This may well be the best romance novel I’ve ever read. And it’s not just because it features a leading pair from two wildly under-represented groups in romance fiction. From start to finish, I desperately wanted our lovers to wind up together. I have literally never cared so much about a romantic couple having their HEA as much as I did this one.
Our heroine is Stella, an econometrician and autistic who has trouble socializing: not great when her mom has high hopes of grandbabies out of her only child. Her experiences with men have been so terrible that she decides that the most rational way to overcome them is by getting better at sex. So she hires Michael, a half-Vietnamese half-white escort, to teach her. Soon enough, they’ve graduated to practicing at a relationship instead of just practicing in bed. But will her neuroatypical reasonings and his self-punishing prejudices keep them from committing to the love they’re growing together?
It’s sort of a reverse Pretty Woman, only with a lot less of the grossness of that movie, and a lot more insight into both autism and Vietnamese culture. Stella and Michael are two lovely people caught in complicated circumstances, and the way they come to one another is one of the sweetest darn things I’ve ever experienced. It was also shockingly realistic despite the rich patron-poor prostitute framing. I mean, I get it, romances are about happily ever afters and those are far easier to obtain when our heroic couple is rolling in money, but honestly it’s one of my least favorite romance novel tropes. Poor people fall in love with each other too, you know. I will say one thing: while I would have found Michael’s behavior towards the end absolutely revolting from any other person, I thought it appropriate here, as he was mirroring what Stella had told him she would do herself in his situation.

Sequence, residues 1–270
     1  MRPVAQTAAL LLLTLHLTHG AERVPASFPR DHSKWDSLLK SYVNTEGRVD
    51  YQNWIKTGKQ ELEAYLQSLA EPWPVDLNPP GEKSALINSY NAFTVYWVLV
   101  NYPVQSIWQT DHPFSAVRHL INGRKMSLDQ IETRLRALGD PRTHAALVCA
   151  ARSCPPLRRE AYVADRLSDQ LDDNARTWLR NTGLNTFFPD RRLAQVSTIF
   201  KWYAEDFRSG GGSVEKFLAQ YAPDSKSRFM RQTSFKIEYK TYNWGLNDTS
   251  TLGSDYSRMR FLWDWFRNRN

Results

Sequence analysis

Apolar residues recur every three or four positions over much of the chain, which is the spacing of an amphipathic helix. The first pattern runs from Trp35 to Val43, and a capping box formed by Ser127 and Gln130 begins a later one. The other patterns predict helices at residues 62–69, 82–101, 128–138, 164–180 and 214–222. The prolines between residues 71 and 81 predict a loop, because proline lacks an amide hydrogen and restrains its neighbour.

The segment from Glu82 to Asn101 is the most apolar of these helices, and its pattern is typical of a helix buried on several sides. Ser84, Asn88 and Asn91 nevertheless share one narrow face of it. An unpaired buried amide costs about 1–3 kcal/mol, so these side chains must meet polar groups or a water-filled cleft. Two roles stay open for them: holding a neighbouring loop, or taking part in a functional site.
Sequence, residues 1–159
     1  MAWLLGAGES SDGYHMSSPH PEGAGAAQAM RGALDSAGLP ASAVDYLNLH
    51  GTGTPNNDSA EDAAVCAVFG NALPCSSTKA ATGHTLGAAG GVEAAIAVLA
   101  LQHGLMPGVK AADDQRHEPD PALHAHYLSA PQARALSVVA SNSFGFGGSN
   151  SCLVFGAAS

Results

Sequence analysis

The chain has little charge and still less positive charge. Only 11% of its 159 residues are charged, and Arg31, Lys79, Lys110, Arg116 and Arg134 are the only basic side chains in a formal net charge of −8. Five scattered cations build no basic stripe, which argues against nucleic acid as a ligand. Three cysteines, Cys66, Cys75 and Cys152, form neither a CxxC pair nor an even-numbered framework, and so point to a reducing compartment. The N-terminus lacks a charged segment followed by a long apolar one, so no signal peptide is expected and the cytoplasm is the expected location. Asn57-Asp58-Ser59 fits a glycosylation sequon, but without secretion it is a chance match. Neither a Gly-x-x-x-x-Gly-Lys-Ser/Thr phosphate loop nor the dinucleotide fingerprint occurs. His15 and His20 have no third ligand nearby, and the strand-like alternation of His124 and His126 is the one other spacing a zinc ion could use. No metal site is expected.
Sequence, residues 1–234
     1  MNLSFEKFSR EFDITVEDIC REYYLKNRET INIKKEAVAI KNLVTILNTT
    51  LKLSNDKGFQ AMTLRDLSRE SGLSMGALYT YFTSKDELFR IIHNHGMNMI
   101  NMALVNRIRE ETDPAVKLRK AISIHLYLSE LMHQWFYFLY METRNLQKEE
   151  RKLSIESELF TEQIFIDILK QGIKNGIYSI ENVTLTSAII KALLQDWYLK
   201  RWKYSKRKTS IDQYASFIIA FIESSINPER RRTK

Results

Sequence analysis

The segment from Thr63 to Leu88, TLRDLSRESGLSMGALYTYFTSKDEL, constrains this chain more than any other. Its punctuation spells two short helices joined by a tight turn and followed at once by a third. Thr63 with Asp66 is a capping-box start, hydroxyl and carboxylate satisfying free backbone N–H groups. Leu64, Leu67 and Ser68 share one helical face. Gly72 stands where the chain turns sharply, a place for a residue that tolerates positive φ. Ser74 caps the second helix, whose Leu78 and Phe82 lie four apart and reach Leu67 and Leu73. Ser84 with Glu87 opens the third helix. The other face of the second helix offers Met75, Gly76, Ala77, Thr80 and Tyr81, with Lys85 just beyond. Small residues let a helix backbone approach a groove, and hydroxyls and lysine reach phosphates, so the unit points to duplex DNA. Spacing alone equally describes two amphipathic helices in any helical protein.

Anyway, absolutely delightful romance with heart and brains and depth. I’m super looking forward to reading the next book in the series once it’s available from the library: the excerpt that I read from The Bride Test was really great, even as I sense that it’ll wind up being another rich-poor pairing again, though with a “lost heiress” angle this time. Minor annoyance in the face of how terrific the rest of the premise reads tho.